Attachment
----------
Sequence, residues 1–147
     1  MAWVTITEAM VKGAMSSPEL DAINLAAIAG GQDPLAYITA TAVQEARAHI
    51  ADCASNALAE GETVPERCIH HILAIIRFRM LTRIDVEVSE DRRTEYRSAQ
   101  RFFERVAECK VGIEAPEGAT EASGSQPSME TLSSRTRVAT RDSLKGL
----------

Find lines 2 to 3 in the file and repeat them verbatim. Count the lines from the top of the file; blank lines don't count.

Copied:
     1  MAWVTITEAM VKGAMSSPEL DAINLAAIAG GQDPLAYITA TAVQEARAHI
    51  ADCASNALAE GETVPERCIH HILAIIRFRM LTRIDVEVSE DRRTEYRSAQ